Who gets what if tax cuts are extended

Posted to Infographics  |  Nathan Yau

There are some major tax decisions to be made soon, and they’ll affect you differently, depending on what bracket you’re in. Bill Marsh of The New York Times takes a stab at showing the differences. The American population is put into context with a hypothetical population of 1,000. For example, if America was a population of 1,000 people, 125 of them would make less than $10,000. Piles of Benjamins shows average size of the 2011 tax cuts.

We saw the same tax topic explored by The Washington Post, except their’s was interactive and showed costs with Obama’s proposed plan. Which one works better? My vote is for NYT. It takes up a lot more space, but it’s much more straightforward and to the point.

[New York Times via Cool Infographics]


  • Probably done for screen real estate, but someone pointed out that since you’re only including the top four lines of the graphic, it makes Bush’s look a lot more reasonable than they should if you see the whole graphic on the NYTimes.

  • I find it very misleading. The rates are handled at a household level, and this example distorts it by equating to individuals. Makes a big difference! This also shows only the “savings” and ignores the actual tax burden at the different levels. The savings look lopsided toward higher earners, but the tax burden is even *more* lopsided, since the lower incomes groups don’t pay taxes, but instead get credits, i.e., they are getting paid by the other taxpayers.

    • @markr Yes, the problem is that units for share of federal taxes are inconsistent with all other units. Share of federal taxes is shown “per group” and every thing else is shown “per person”.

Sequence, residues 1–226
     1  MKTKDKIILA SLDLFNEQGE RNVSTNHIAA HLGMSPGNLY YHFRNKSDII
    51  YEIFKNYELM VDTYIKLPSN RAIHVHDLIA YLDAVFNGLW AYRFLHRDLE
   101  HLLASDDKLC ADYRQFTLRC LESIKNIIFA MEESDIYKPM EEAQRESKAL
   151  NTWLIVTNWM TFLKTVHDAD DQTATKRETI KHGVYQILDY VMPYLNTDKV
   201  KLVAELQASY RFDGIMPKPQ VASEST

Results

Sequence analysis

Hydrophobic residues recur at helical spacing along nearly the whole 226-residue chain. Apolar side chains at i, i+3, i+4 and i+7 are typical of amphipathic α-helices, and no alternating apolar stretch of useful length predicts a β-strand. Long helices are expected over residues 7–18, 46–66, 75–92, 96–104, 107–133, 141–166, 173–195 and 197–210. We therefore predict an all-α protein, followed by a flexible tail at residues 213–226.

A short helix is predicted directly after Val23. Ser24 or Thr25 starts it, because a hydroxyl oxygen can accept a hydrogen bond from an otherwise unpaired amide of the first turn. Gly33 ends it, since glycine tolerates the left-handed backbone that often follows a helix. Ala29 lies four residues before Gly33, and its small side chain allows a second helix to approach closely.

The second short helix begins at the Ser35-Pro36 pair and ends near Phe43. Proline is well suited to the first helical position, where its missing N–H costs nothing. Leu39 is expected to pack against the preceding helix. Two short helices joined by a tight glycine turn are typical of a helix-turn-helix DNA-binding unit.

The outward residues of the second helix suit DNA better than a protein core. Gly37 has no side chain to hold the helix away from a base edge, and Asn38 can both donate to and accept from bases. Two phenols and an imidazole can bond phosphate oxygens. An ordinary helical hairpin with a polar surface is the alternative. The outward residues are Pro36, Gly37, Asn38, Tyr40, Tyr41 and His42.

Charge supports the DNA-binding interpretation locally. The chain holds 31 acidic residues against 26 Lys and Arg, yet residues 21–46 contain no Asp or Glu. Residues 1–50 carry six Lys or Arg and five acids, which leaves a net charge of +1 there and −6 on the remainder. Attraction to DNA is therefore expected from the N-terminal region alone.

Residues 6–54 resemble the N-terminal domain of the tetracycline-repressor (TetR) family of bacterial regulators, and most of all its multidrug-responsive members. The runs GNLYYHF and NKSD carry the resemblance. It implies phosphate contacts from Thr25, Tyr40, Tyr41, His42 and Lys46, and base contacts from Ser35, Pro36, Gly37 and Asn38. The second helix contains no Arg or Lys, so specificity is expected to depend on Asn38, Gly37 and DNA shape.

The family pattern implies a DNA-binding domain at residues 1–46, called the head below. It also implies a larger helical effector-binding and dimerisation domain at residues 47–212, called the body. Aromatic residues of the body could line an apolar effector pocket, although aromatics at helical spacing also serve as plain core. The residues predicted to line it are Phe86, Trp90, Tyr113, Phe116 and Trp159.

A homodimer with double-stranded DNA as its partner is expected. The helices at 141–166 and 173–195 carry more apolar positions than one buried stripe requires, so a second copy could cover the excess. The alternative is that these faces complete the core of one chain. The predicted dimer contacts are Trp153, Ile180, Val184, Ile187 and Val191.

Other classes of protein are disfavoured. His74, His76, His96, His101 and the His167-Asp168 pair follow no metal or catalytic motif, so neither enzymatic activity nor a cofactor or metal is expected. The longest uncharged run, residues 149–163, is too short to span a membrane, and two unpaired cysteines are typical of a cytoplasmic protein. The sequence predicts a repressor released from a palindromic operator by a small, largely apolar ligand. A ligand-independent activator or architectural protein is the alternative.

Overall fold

Combined with the fact that the top group has only one person, it makes it very visually misleading.

      I’m not sure if it was intentionally, but it sure fits with the bias the NYT is often accused of having.

  • A lot of people do not know the numbers. Charts like this — factual charts that is — should be distributed to people as information material.


The Most Unisex Names in US History

Moving on from the most trendy names in US history, let’s look at the most unisex ones. Some names have …

Jobs Charted by State and Salary

Jobs and pay can vary a lot depending on where you live, based on 2013 data from the Bureau of Labor Statistics. Here’s an interactive to look.

Divorce Rates for Different Groups

We know when people usually get married. We know who never marries. Finally, it’s time to look at the other side: divorce and remarriage.

Reviving the Statistical Atlas of the United States with New Data

Due to budget cuts, there is no plan for an updated atlas. So I recreated the original 1870 Atlas using today’s publicly available data.